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Renault to axe almost 15,000 jobs

Pendulum shift: Renault has announced sweeping plans to help promote long-term growth.

Renault set to streamline processes, cut production in three-year plan to save €2b

1 Jun 2020

ONE week after the French government’s finance minister Bruno Le Maire declared that Renault could be in dire straits without securing financial assistance, the car-maker has announced it is implementing major cost-cutting measures over the next three years that will see almost 15,000 jobs disappear worldwide.
 
Renault’s new strategy sets out to reduce fixed costs by €2 billion ($A3.31b) over this period, beginning with the retrenchment of 14,600 employees from its global workforce – 4600 in France, and the remainder outside its domestic market.
 
Detailing the plan just days after announcing sweeping reform for the Nissan, Renault and Mitsubishi Alliance, Renault chairman (and chairman of the Alliance Operating Board) Jean-Dominique Senard said the company will focus heavily on reducing engineering costs while streamlining vehicle development and component diversity by relying more on its alliance partners.
 
Part of this will come under the newly devised “leader-follower” model when creating a new vehicle, where one of the alliance brands takes the lead on design and development and the other two piggyback off the original design.
 
Along with the optimisation of resources, these measures are predicted to save Renault approximately €800 million ($A1.324b).
 
Renault also plans to reduce its global production capacity from four million units in 2019, down to 3.3 million by 2024.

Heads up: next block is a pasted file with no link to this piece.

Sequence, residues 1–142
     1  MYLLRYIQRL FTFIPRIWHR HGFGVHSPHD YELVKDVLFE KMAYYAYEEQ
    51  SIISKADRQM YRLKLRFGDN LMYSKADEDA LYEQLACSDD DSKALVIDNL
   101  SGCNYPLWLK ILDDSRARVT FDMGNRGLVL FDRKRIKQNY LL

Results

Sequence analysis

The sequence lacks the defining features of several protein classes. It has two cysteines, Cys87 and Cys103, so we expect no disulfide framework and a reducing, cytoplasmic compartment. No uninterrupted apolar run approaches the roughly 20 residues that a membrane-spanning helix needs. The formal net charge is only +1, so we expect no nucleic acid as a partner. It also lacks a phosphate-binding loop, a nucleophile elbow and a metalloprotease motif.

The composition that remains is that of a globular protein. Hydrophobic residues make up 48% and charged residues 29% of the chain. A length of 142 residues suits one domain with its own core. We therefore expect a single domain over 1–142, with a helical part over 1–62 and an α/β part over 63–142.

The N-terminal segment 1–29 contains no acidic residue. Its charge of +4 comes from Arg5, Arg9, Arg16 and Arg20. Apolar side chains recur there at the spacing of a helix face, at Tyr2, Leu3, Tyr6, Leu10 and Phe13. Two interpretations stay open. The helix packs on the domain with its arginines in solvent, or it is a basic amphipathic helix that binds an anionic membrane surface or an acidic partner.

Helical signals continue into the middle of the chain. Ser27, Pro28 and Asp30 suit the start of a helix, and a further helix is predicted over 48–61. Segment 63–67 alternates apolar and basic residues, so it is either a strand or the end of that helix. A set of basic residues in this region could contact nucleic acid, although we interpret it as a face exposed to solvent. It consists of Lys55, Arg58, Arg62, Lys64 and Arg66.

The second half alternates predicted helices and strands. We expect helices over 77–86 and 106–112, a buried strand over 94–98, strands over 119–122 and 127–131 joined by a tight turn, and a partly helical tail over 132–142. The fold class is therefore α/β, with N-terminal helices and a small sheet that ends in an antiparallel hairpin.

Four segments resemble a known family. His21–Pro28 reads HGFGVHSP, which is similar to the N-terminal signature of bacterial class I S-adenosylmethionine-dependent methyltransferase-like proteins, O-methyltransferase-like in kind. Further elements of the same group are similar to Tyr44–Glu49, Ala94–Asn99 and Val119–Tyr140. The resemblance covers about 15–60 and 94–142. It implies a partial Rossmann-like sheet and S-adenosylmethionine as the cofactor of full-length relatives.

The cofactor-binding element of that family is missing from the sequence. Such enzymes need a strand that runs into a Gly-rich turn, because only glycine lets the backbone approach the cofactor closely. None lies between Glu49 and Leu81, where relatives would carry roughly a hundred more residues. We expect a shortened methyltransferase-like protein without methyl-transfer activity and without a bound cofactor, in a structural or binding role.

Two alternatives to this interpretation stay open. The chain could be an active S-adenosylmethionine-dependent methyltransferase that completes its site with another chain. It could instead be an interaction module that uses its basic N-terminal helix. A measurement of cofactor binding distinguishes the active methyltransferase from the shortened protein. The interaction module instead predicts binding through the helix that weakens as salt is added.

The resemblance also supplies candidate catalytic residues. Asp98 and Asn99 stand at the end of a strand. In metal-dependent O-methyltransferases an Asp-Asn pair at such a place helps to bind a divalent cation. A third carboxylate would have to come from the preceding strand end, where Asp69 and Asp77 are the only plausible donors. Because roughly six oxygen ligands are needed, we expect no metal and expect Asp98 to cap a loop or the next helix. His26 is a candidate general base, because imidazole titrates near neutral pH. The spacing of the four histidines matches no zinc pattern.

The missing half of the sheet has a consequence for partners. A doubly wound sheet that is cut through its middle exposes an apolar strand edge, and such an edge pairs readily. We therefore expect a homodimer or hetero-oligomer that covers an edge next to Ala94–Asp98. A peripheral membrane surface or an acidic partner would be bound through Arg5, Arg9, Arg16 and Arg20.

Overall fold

This will see a rationalisation of gearbox production, a reduction of production capacity in Russia and the suspension of plans to expand production in Morocco and Romania.
 
It will also see Renault give up its stake in Dongfeng Renault Automotive Company, resulting in the cessation of sales of Renault-branded combustion-engined passenger cars in the Chinese market.
 
In France, the company plans to create an optimised centre of excellence for electric vehicles and light commercials, and reconvert the Dieppe plant which currently builds the Alpine A110.
 
Renault hopes these processes will result in savings of €650m ($A1.07b).
 
The car-maker also intends to curb marketing and other costs by implementing greater digitalisation and reducing costs related to support functions, which is predicted to save €700m ($A1.158b).
 
Renault has estimated that implementing its strategy will cost around €1.2b ($A1.99b) over the course of four years.
 
“I have confidence in our assets, our values and in the management of the company to succeed with the envisaged transformation and to return our group to its full value by deploying this plan,” Mr Senard said.
 
“The planned changes are fundamental to ensure the sustainability of the company and its development over the long term. 
 
“It is collectively and with the support of our alliance partners that we will be able to achieve our objectives and make Groupe Renault a major player in the automotive industry in the years ahead.”
 
Renault’s announcement comes hot on the heels of Nissan’s latest strategy, which includes cutting production output over the next four years by 20 per cent and reducing its model range from 69 models to fewer than 55 over the period. 
 
Nissan plans to shed fixed costs by around ¥300 billion ($A4.21b), and announced in mid-2019 it would shed 12,500 jobs from its global workforce.
 
Reports surfaced last week that it was also looking at axing another 20,000 global jobs.

 


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